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  • No, the Character is Not Based on You (Or Me)

    As the author of a contemporary novel about four women who are roughly my age, I’m often asked how much of my book is autobiographical.

  • Remembering Bill Adler Sr.

    Adler was a book packager who could conjure up an idea while reading the morning newspaper, hire a writer with a phone call, sell the book over lunch, and seal the deal with a couple of martinis.

  • Between Traditional and Self-Publishing, a 'Third Way'

    A hybrid publisher makes her case for "third-way" publishing, blending elements of both traditional and self-publishing.

  • Ten Years Later, Publishing a Rejected Book

    A publisher finally gets to publish a much-admired book -- ten years after first rejecting it.

  • A Novel of My Own

    I worked as a writer for almost 50 years before my first novel was published.

  • The Eternal Question: What to Wear on Book Tour

    I’m a bit of an Ernest Shackleton nut. I never tire of accounts describing his polar exploits. I also feel like a kindred spirit, because few expeditions test your endurance and require that same indefatigable lust for discovery more than a book tour.

  • Violence in Books: Where Do You Draw the Line?

    S.E. Green, author of the forthcoming YA novel "Killer Instinct," examines whether teens are likely to imitate the violent behavior they read about in literature.

  • How to Judge Short Story Contests

    Larry Dark, the director of the Story Prize, offers insight about what goes on during literary prize deliberations.

  • How Independent Publishers Do More With Less

    An independent publisher takes a nod from Buckminster Fuller in finding ways to do "more and more with less and less, until eventually you can do everything with nothing."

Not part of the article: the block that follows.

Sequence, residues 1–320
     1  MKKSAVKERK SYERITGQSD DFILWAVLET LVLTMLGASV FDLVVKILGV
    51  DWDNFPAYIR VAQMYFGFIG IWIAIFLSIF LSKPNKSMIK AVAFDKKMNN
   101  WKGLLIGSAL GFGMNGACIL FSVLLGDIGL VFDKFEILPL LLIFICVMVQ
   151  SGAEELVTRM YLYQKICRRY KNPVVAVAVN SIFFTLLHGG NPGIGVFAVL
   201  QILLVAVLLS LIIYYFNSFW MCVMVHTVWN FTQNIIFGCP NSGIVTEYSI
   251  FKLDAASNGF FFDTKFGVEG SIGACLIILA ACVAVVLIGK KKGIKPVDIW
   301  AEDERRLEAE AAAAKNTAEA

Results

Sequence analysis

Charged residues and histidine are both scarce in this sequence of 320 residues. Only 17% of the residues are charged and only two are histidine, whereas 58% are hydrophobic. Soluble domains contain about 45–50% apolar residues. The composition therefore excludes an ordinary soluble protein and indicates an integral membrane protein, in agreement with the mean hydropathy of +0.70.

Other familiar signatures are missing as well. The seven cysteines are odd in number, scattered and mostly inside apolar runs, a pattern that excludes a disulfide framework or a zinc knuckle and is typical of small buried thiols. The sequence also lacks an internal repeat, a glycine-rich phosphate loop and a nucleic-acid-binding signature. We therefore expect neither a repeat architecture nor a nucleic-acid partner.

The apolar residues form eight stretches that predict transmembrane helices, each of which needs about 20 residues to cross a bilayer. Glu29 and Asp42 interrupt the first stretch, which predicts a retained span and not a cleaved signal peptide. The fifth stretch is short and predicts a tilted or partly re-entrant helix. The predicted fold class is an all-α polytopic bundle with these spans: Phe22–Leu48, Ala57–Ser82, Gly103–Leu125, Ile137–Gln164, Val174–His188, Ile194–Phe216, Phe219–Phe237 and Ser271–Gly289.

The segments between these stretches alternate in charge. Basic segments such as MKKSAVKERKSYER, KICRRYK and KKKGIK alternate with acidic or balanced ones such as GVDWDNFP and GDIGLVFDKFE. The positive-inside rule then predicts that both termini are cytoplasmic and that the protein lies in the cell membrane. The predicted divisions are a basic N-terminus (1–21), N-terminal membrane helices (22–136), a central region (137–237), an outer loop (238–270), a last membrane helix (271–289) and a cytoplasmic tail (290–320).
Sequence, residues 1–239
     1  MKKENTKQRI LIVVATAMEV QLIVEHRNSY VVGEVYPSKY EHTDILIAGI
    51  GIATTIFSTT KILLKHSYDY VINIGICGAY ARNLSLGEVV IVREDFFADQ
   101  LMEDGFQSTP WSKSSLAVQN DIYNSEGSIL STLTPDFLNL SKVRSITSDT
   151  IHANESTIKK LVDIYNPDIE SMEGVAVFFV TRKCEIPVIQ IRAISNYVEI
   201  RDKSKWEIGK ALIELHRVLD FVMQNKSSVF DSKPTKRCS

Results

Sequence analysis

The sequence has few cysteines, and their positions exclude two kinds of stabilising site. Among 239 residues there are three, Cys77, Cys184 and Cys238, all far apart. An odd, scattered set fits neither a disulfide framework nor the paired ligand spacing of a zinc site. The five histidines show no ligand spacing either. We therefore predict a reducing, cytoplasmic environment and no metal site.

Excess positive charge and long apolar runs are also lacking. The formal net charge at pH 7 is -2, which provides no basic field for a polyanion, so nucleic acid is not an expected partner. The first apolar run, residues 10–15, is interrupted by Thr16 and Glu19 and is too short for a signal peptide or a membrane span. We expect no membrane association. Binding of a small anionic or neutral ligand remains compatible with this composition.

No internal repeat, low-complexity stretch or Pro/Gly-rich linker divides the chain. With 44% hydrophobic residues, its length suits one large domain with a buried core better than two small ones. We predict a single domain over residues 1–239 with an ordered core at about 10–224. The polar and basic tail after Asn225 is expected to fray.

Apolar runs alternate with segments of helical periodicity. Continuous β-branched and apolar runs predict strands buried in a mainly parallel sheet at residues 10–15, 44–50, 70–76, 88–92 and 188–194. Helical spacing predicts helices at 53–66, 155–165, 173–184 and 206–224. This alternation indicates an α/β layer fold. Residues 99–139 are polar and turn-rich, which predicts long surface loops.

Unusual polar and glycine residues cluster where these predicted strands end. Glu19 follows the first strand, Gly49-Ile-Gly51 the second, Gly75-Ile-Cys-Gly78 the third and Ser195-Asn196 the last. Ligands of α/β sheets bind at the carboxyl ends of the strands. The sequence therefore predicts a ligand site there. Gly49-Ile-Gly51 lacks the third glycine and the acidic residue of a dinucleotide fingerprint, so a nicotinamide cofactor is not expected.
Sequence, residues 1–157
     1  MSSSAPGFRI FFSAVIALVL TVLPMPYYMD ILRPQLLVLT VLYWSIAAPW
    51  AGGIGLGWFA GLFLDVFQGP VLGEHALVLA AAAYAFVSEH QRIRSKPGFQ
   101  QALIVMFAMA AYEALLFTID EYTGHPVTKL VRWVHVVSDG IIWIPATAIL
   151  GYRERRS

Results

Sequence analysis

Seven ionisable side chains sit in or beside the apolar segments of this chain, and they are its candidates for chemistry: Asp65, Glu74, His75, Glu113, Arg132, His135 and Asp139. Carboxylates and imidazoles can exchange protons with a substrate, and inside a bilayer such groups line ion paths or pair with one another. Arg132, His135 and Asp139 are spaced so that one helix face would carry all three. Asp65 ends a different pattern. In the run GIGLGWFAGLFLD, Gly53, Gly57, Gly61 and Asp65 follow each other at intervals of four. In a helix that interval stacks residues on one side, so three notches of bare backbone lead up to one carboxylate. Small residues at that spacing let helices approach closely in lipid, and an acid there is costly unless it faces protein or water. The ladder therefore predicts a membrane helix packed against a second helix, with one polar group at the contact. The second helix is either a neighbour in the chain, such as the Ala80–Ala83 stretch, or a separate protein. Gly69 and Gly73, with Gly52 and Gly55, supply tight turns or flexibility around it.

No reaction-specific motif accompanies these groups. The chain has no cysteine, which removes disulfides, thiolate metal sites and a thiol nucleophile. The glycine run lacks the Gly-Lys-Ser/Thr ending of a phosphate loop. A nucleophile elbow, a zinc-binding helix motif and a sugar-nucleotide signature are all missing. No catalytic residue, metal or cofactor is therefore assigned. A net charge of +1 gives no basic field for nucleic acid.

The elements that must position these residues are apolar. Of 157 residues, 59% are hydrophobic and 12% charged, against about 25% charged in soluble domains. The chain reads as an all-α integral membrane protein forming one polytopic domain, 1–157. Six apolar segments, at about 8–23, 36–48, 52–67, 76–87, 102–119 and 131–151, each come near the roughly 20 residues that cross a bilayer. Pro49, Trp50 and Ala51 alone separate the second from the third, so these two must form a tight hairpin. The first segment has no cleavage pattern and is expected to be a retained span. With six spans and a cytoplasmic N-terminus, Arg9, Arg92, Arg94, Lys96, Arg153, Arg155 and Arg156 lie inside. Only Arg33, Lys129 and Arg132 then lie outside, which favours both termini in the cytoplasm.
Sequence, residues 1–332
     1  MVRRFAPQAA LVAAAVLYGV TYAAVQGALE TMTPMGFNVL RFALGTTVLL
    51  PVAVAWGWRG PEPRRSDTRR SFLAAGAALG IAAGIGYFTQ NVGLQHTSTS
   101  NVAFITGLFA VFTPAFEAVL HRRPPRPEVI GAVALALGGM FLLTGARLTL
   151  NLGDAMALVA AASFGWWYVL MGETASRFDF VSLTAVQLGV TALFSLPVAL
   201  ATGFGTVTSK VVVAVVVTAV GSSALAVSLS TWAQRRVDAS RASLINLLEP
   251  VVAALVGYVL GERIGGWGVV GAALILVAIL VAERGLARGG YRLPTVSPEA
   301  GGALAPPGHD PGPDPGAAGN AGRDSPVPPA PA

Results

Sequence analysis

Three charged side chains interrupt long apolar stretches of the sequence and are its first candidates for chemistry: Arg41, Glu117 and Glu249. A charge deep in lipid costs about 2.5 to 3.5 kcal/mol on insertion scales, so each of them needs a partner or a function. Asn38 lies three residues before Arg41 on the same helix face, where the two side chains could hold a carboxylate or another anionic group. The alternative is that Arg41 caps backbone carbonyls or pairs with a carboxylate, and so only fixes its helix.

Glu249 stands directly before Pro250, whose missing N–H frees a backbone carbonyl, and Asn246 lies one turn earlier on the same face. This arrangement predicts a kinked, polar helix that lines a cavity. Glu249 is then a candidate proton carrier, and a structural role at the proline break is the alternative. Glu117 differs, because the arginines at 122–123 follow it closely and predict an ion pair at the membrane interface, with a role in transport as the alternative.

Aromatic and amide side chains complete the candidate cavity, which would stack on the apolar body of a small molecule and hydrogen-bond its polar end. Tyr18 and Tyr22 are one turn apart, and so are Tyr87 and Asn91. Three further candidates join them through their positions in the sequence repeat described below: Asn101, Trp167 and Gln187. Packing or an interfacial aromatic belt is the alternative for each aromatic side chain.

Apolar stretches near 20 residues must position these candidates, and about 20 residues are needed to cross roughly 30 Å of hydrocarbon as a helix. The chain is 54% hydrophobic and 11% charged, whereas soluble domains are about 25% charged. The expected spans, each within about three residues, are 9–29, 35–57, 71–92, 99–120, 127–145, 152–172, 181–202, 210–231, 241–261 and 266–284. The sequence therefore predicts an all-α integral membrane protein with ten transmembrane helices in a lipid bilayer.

• Psychology, Philosophy—Let’s Hear More

    The reading world would greatly benefit from wider book coverage that pays attention to all genres, not just the most popular ones.

  • In Praise of Editors, Agents, and Every Other Gatekeeper in Publishing

    Maybe the deprofessionalization of publishing isn’t just a looming disaster for the book business—there are, after all, not that many of us left in the industry—but for the millions of readers.

  • Writers Unplugged: Going Underground, for Productivity's Sake

    In the cave, there is no texting or tweeting. There’s no networking or developing one’s “author platform.” You are forced to stop talking about your writing and just do it.

  • How to be an Effective Mentor in Times of Change

    I’d only been in publishing a few years when the great Ian Ballantine engaged me in conversation and suggested, in his signature circuitous fashion, that he was willing to mentor me.

  • Life After Amazon

    In February 2012, Educational Development Corp. stopped selling its books on Amazon. This is how that decision turned out.

  • 100 Candles for the Crossword

    “At 100, the crossword shows no signs of slowing down. On the contrary, the puzzle has adapted to the Internet’s thriving games culture.”

  • The Crossword Puzzle Turns 100

    Do the world's first ever crossword puzzle!

  • Sympathy for the Devil

    The Buggles are not the Rolling Stones, but their 1979 MTV hit nailed it: “Video Killed the Radio Star.” Later, similar trends started killing books. Then Jeff Bezos stepped on stage.

  • Discovering Literary Talent in Brazil

    The Brazilian literary market is currently experiencing a surge of great creativity.

  • The Intentional Mystery Writer

    Malcolm Gladwell was dancing to “Kung Fu Fighting” the night that my life changed forever.

  • What Tumblr Taught Me About Writing

    I was teaching a ninth-grade humanities class in a New York City public school last year when I was accepted into two M.F.A. programs for fiction writing. I was over the moon: they were each funded with a stipend, and one was a school I never would’ve thought I’d have a shot at getting into. Against all odds, my dream had come true.

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